Vast majority of ’20 graduates left U-M with engaged learning experience despite pandemic

August 19, 2021
Contact: Laurel Thomas

Like so many students in the middle of engaged learning experiences when the COVID-19 pandemic disrupted education at the University of Michigan, Edward Peper and his classmates were challenged to find a solution to continue their hands-on research.

Their task, working with the U-M Transportation Institute, was to use simulation software and a motion-based platform to mimic driver behavior. Students created traffic scenarios involving distracted drivers to see how subjects would react to unexpected road events. Key to measuring response was a motion-seat platform located at the institute.

So Peper, a computer science engineering graduate and motion platform algorithm engineer for the Real-Time Driving Simulator team within the college’s Multidisciplinary Design Program, ordered parts to create a mini motor in order for the team to have a substitute physical motion device in their homes.

Peper, now a software engineer at General Motors, represents the 96% of 2020 graduates who say the pandemic did not keep them from having an engaged learning experience during their U-M careers.

“Our work didn’t suffer just because we were apart. Everyone that I had a pleasure to work with was really dedicated and treated it like a school project,” Peper said. “They wanted it to get done on time; wanted to go above and beyond.”

An annual report on engaged learning activities—educational opportunities that give students a chance to build their capacities as contributors to future communities—showed static levels of participation overall among 7,300 graduating students in internships, civic engagement, international experiences, research, client projects, and creative or entrepreneurial activities over their careers at U-M.

Further, there were some increases in underrepresented minority, first-generation, transfer and Pell grant student participation. International participation in engaged activities overall was up slightly, but both domestic and international students reported a decrease in internships. Female students continued to report more experiences than males across most categories except entrepreneurship and client project experiences.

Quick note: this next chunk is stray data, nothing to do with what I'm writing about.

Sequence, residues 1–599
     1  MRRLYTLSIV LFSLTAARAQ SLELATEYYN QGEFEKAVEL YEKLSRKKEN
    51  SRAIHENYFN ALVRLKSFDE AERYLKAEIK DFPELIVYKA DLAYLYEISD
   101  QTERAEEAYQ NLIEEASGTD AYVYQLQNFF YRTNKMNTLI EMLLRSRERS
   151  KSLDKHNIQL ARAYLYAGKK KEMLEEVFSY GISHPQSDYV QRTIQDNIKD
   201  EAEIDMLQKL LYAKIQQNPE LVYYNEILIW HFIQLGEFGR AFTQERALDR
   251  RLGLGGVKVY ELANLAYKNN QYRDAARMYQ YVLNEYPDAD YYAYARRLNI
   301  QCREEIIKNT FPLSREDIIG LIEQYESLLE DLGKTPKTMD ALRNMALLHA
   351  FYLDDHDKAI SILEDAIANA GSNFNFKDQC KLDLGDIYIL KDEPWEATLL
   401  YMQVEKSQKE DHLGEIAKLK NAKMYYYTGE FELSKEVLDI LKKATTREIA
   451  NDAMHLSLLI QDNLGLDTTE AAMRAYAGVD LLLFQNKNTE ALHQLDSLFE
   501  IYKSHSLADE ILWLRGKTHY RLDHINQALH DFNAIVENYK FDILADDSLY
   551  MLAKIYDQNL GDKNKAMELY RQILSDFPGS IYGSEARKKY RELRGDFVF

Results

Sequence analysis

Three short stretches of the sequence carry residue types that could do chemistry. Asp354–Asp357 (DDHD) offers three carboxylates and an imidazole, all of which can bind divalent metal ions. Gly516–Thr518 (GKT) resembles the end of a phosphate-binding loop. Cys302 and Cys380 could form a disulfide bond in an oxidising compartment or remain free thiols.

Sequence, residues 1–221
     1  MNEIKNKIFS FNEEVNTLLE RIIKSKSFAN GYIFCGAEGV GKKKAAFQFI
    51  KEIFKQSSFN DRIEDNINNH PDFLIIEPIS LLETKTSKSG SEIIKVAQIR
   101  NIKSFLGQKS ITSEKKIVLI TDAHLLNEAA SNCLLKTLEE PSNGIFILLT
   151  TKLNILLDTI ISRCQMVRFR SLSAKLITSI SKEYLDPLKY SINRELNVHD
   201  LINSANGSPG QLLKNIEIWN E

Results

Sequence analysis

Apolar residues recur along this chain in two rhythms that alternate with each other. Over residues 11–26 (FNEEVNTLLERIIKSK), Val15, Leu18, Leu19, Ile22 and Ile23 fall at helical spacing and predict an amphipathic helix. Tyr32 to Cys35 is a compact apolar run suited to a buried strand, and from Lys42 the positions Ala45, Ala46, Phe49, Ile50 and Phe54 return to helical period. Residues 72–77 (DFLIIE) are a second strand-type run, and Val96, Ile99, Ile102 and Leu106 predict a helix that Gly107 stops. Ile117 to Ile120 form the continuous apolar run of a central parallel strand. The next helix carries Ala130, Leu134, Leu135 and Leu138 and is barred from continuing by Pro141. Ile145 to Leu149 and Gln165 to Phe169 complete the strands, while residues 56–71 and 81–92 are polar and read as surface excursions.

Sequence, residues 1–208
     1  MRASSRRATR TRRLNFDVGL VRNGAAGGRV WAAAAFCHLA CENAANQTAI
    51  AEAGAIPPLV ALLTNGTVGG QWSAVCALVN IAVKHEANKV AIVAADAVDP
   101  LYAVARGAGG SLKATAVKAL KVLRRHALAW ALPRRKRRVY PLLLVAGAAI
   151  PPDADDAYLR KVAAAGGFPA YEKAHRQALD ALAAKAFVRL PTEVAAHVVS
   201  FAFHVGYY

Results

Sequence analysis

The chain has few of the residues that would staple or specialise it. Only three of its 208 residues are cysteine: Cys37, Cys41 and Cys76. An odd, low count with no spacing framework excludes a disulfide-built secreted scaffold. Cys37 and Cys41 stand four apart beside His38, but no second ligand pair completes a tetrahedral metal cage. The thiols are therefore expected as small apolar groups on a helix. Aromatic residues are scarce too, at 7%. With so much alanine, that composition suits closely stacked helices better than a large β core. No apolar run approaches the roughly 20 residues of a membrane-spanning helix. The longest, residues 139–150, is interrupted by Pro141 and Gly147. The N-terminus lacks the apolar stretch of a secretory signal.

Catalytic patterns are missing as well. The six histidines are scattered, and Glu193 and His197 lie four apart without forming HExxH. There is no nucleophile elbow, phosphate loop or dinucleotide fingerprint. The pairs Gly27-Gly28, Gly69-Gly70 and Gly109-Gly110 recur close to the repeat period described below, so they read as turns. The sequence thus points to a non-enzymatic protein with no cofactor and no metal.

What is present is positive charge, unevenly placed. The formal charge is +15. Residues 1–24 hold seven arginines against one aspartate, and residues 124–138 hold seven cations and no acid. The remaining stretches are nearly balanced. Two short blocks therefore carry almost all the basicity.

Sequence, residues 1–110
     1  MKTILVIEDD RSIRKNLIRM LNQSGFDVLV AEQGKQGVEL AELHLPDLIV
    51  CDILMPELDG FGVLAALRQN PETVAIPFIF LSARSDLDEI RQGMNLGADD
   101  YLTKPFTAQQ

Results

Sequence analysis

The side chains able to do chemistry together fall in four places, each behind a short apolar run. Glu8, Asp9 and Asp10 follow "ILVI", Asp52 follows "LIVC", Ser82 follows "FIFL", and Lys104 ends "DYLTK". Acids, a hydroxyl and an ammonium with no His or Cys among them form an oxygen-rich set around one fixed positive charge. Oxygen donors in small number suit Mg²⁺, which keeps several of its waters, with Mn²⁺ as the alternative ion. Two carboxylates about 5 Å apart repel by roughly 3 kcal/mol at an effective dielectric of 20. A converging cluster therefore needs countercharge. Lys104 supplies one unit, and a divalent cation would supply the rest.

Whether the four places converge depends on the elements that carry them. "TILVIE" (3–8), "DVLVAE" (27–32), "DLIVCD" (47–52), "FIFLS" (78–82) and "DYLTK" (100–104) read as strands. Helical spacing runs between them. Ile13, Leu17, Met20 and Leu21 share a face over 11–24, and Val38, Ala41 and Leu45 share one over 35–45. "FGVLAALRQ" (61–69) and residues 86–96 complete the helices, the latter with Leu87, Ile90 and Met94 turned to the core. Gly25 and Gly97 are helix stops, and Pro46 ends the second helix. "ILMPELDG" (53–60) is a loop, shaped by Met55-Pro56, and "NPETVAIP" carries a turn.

Each year since the survey began in 2017, 96% of students annually have self-reported being involved in an engaged learning experience. In 2020, 85% of them had more than one experience, only slightly lower than the year before. The survey includes students who graduated in May and December 2020.

Engaged Learning Census infographic. Image courtesy: Engaged Michigan

“The 2020 report is encouraging and remarkable. To me it is a testimony to the resiliency of our students and our partners who engage them,” said Valeria Bertacco, vice provost for engaged learning.

“In the middle of the winter 2020 semester, many students’ experiences were abruptly suspended. Many students could not continue their research projects, were suddenly grounded from travel and from in-person activities, and saw several planned opportunities evaporate as outside organizations altered their work plans.

“Yet, many students like Edward Peper found alternate ways to bring their endeavors to success. We keep learning every day of creative ways people found to continue their work or to pursue engaged learning activities working around the constraints on the ground.”

Bertacco notes it is a careerwide survey that includes students’ engaged learning experiences before the pandemic, so it may be too early to see the full impact of COVID-19.

Co-written by Kirsten Andrews


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